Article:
FIG. 3. Time-kill curves ofS. aureus by 5 (V) or 50

(E) pg of gentamicin (G) per ml, or in the absence of

the antibiotic (0). Before the addition ofgentamicin (arrow G), S. aureus was phagocytosed by 5 x Itt PMN/ml for 10 min, then extraleukocytic bacteria were destroyed by incubation with lysostaphin (arrow L) for lO min.

were the phagocytized intracellular staphylococci. To rule out any inhibitory effect of lysostaphin on the gentamicin bactericidal effect, the same experiment as recorded in Fig. 3 was repeated, except that the phagocytic suspension was washed free of lysostaphin before receiving either gentamicin or saline (Fig. 4). At 20 mm, the lysostaphin-treated phagocytic suspension was centrifuged three times and suspended in fresh DGS medium. During the washing steps, CFU counts decreased from 6.6 x 10' to 3.0 x 104 CFU/ml, whereas PMN counts and viability remained unchanged. After the last wash, one tube received 5 ug of gentamicin, another one received 50 ,ug/ml, and the last portion received only saline (control tube). In the absence of lysostaphin, gentamicin at 50 or 5 ,ug/ml was as inactive against lysostaphin-treated, PMN-associated bacteria as saline (Fig. 4). Confirmation of the intraleukocytic location of the S. aureus surviving gentamicin treatment was attempted by the following experiments. After 60 min of incubation under experimental conditions identical to those depicted in Fig. 2 and 3, the phagocytic suspensions were removed and their PMN were lysed by the addition of 1/ 10 volume of a 1% Triton X-100 solution, allowing interaction of presumably intracellular, viable S. aureus with gentamicin. After 20 min of further incubation at 37°C, CFU counts of the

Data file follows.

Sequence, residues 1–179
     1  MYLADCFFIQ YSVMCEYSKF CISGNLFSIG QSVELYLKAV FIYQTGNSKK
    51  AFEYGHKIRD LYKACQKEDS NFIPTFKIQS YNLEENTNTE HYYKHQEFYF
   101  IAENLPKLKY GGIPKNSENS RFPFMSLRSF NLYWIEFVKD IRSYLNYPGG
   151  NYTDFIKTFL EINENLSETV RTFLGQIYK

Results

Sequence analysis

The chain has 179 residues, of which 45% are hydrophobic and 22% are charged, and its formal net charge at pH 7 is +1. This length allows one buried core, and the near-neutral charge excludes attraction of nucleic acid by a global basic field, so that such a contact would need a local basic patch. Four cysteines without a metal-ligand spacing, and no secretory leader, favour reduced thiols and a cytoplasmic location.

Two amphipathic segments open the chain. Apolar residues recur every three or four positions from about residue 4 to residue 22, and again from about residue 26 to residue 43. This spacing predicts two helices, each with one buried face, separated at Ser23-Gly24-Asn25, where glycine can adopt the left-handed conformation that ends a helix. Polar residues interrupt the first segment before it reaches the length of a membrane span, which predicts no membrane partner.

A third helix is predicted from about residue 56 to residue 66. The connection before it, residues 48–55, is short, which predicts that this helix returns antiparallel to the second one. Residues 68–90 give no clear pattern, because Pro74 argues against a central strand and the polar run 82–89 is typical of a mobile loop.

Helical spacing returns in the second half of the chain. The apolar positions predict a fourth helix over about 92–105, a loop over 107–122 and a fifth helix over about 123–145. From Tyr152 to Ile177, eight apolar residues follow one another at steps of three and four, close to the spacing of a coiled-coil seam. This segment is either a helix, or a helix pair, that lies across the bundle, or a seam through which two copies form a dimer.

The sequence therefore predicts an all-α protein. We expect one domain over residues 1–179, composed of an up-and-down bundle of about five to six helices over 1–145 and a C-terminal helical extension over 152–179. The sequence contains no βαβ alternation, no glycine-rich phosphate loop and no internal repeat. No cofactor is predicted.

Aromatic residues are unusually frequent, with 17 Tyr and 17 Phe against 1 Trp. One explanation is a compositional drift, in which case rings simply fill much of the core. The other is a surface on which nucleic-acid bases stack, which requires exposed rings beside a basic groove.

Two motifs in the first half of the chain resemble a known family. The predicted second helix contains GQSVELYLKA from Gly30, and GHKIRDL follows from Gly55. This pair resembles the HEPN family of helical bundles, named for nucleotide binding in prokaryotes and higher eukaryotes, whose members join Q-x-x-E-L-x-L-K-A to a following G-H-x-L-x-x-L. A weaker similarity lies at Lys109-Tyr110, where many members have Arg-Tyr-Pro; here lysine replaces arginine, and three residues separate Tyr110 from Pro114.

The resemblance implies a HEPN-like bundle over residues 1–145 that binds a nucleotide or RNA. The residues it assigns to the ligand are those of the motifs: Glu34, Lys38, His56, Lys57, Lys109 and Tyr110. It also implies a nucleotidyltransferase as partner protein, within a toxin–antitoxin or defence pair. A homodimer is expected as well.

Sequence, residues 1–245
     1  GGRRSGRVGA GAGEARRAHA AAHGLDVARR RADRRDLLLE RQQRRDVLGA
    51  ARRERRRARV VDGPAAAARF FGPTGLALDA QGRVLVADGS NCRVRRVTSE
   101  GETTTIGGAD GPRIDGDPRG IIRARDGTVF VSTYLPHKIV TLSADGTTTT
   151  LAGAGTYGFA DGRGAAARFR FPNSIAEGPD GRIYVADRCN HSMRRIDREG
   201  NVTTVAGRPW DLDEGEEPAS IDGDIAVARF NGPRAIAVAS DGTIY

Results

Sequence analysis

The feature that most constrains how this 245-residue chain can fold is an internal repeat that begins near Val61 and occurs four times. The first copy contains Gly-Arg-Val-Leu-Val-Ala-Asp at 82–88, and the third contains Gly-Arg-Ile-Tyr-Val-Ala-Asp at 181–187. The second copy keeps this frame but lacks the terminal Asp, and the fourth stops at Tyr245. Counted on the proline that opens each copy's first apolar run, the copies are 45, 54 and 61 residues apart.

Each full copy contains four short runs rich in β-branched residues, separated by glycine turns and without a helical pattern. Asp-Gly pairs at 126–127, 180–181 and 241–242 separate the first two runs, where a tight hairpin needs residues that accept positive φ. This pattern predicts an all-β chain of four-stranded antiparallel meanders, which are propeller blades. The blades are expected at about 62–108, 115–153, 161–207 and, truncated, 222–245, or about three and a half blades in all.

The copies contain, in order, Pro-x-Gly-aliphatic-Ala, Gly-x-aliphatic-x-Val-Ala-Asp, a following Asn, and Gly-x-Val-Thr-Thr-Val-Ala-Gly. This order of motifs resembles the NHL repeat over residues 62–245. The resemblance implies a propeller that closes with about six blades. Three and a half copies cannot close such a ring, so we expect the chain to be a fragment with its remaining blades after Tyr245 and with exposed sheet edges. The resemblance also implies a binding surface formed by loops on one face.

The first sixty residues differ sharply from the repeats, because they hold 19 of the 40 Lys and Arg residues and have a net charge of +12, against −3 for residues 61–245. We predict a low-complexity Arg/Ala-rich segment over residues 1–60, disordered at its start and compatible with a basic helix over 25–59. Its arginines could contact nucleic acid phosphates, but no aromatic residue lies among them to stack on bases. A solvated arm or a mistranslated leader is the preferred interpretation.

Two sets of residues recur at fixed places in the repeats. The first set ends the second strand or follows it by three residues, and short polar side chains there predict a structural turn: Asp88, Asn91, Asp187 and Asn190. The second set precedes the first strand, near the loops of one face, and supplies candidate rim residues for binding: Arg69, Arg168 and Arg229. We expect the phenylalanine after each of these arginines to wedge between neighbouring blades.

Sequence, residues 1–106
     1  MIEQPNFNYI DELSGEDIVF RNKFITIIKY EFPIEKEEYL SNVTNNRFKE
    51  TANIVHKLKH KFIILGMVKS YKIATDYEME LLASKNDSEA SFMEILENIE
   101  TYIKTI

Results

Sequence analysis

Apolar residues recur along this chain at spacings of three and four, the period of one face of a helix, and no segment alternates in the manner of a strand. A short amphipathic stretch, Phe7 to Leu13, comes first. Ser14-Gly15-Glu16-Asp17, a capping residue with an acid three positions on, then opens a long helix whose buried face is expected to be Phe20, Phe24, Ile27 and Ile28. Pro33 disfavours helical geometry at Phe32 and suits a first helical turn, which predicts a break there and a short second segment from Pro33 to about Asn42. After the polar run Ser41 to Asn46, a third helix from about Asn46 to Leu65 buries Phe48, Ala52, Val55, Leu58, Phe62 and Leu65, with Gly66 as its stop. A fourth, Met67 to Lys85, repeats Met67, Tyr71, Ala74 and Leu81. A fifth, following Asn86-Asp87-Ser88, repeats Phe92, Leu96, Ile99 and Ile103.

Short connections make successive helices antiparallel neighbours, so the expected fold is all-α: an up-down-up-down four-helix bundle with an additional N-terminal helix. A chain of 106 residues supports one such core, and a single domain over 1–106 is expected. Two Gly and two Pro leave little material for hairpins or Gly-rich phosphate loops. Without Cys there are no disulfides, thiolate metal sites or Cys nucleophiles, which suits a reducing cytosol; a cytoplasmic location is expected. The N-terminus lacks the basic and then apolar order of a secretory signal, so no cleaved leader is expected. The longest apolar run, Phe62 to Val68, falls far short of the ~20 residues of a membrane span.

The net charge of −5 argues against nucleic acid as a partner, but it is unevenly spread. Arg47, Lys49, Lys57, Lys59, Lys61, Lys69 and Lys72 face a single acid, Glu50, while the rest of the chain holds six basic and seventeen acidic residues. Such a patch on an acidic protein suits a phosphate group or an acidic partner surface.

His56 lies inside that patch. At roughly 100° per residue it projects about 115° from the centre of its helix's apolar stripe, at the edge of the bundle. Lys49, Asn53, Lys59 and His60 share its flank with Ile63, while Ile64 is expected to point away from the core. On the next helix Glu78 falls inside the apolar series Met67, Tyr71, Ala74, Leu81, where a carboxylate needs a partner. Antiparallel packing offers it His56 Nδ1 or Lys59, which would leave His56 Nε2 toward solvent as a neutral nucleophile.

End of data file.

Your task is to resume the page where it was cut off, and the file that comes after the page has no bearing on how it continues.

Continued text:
VOL. 16, 1979

TABLE 1. Comparison of binding of [14CJgenttamicin to resting or actwely phagocytosing human PMN0




Present Present



Particles ingested


None S. aureus alivec S. aureus


heat-killed' S. aureus

-J -J




(ng/107 PMN) 112 ± 10 (3)b 193 ± 40 (4)d 150 ± 18 (4)d

92 ± 2 (4)e









30 45 60 MINUTES FIG. 4. Time-kill curves of S. aureus by 5 (V) or 50 (0) ug ofgentamicin (G) per ml or in absence of the antibiotic (0). Phagocytosis and destruction of the extraleukocytic bacteria were performed exactly as described in the legend to Fig. 3, but the phagocytic suspension was washed free of lysostaphin before receiving the gentamicin.